Before we delve into the guts of this rig, I wanted to take a moment and mention the fact that there are some folks out there who realize that delivery services don't care about your packages. When this package arrived at my door, I opened it up and noticed right off that the box had been mishandled pretty badly. But thanks to a little planning on the part of the folks at Prolink, everything within the box was still in great shape. All major components are individually wrapped in bubble wrap to make sure that you get a working unit when it arrives to you. Sometimes it is these small things that can really make a difference.
What you end up with once everything is out of the box should have you well on the way to TV freedom. You get the main external unit, power adaptor, all necessary cables, a manual and a remote control. And remember when I talked about the small things making a difference? Well they even provide batteries for the remote. In this day and age, that is nearly unheard of!
Beginning with the main unit, the front only has a power switch and some lights that show the current mode of operation. The back, however, has a plethora of connections that should handle all functions nicely. It has a standard coaxial cable connection to allow an external antenna to be attached to the unit. In my case, I hooked it up to cable TV. You also have input connections for either Composite Video or S-Video, and also stereo input jacks for both. Also present is a stereo output jack and 15-pin connectors for input and output of video. This allows you to use this external box as a pass-through from the PC to the monitor.
With all of the jacks available on the back of the unit, it is a good idea to have the cabling necessary to hook all of this stuff up. Fortunately, all cables are included with the package. You have an S-Video cable, a Composite Video cable, sound cables, the power adaptor and a cable to hook up between the PC and the unit. Since the monitor will also hook up to the box, this should fill all the holes available except for the speaker out. Sorry, but you'll be on your own for this one.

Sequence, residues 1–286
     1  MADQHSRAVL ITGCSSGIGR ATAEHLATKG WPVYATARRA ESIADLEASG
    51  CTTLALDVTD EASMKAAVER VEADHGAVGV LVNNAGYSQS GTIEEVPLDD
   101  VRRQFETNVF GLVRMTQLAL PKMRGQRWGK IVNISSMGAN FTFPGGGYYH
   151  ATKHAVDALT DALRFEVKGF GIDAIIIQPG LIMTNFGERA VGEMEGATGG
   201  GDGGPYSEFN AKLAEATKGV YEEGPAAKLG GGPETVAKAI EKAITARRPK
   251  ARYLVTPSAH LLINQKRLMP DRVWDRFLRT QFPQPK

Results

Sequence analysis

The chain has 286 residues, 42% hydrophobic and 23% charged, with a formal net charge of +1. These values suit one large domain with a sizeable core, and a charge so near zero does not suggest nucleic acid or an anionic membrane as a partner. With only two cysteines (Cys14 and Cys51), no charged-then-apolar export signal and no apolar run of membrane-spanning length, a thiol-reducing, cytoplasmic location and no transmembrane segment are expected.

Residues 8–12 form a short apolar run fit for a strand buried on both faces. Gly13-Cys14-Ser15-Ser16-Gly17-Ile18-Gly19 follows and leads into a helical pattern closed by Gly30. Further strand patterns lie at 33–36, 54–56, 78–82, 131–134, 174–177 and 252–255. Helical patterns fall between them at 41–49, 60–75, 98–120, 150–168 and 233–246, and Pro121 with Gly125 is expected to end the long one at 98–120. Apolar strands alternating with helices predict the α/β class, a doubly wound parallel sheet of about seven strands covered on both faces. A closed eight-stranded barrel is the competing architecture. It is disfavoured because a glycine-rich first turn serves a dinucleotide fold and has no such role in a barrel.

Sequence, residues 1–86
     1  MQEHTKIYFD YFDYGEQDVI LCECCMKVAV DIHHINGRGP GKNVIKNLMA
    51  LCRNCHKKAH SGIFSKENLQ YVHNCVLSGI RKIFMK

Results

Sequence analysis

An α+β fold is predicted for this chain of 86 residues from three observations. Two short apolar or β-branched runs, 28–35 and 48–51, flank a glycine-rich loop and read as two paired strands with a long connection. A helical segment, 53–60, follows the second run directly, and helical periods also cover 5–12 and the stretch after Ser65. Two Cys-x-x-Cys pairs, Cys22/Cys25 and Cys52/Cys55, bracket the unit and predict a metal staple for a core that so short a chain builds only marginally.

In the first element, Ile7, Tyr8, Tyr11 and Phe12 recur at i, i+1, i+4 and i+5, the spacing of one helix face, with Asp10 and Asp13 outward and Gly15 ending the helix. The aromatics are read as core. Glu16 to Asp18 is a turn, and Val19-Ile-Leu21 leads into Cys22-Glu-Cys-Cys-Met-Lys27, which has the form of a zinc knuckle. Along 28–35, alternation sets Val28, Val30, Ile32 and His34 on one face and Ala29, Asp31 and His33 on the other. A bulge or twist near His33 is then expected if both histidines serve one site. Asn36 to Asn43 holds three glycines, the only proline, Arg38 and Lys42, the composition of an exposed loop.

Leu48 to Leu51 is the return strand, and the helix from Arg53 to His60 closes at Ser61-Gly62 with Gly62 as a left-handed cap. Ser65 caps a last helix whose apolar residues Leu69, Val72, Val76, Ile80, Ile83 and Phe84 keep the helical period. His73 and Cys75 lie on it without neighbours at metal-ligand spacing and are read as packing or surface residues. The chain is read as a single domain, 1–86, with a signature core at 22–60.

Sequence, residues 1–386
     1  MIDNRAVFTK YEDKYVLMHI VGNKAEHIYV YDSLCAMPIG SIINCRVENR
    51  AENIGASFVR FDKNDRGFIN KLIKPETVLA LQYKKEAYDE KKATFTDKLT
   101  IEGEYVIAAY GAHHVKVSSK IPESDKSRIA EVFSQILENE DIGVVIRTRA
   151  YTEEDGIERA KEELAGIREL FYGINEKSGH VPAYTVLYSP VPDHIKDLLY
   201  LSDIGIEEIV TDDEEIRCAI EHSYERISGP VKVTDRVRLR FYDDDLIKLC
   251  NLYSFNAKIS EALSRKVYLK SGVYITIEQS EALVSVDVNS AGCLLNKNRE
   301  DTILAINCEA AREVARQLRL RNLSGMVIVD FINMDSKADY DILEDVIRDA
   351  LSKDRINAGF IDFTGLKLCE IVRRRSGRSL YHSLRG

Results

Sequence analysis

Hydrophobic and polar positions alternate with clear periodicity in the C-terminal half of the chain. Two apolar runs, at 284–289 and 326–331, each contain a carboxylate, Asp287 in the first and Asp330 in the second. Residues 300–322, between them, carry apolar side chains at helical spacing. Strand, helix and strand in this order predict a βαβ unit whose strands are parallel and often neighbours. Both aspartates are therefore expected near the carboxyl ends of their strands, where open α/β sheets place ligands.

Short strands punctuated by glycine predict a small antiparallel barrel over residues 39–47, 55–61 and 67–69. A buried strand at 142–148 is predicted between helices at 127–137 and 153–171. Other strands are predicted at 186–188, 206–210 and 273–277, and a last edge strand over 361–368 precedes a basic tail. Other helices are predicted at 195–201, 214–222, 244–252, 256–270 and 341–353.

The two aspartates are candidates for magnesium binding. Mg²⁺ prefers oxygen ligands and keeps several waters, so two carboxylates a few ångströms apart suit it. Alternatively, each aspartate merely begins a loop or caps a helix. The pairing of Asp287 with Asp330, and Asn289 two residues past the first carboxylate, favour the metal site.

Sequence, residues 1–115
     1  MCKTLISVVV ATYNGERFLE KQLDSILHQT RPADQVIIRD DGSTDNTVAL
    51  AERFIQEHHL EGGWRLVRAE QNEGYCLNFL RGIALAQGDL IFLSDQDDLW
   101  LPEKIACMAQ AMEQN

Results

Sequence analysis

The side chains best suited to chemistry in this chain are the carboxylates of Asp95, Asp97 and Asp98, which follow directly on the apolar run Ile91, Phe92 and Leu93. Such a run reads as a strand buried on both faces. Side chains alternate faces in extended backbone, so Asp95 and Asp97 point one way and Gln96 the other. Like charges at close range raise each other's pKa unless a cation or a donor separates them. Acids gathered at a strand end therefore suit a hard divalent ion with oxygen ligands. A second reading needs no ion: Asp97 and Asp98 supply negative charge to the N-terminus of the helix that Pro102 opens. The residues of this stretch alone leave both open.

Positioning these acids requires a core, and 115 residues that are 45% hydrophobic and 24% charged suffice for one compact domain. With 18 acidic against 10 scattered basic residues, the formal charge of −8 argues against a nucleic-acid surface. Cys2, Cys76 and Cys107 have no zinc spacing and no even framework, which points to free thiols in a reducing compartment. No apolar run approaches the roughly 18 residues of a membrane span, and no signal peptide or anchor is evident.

What would watching TV be like without a remote control unit? Good thing that Prolink decided to add one with this kit so that we don't have to find out. Whew!The remote is pretty standard fare as far as they go. Nothing out of the ordinary, but all the features that will make your channel surfing experience everything that you're used to. It even has a "Recall" button to go back to the most recent channel that you switched from. Can you say Couch Potato?

PlayTV Box - Performance

Does it Work?As stated earlier, the sound will be about the only thing that is not included in this kit. The jack on the back of the unit, however, is a standard RCA type connector so will work nicely with any regular set of headphones or PC speakers. Considering that speakers are about as cheap as you'll ever need, there should be no problems here at all.Now that we have everything hooked up and the unit turned on, all that we need do is turn on the monitor. This can be done by either the button on the unit or the remote. Once it comes up, you can choose between the sources available. You have three modes to work with and they refer to how you have the signal coming in. One for S-Video input, one for Composite Video input and one for the CATV (or satellite or whatever you have for antenna for your TV).What can I say except that it worked just as it should. Picture quality wasn't quite what you will get from a regular television set, but the picture degradation was very minimal. It was far better than most internal TV tuner cards that transfer the incoming signal to .mpeg format before displaying. Here are a couple of pictures that I took of the output: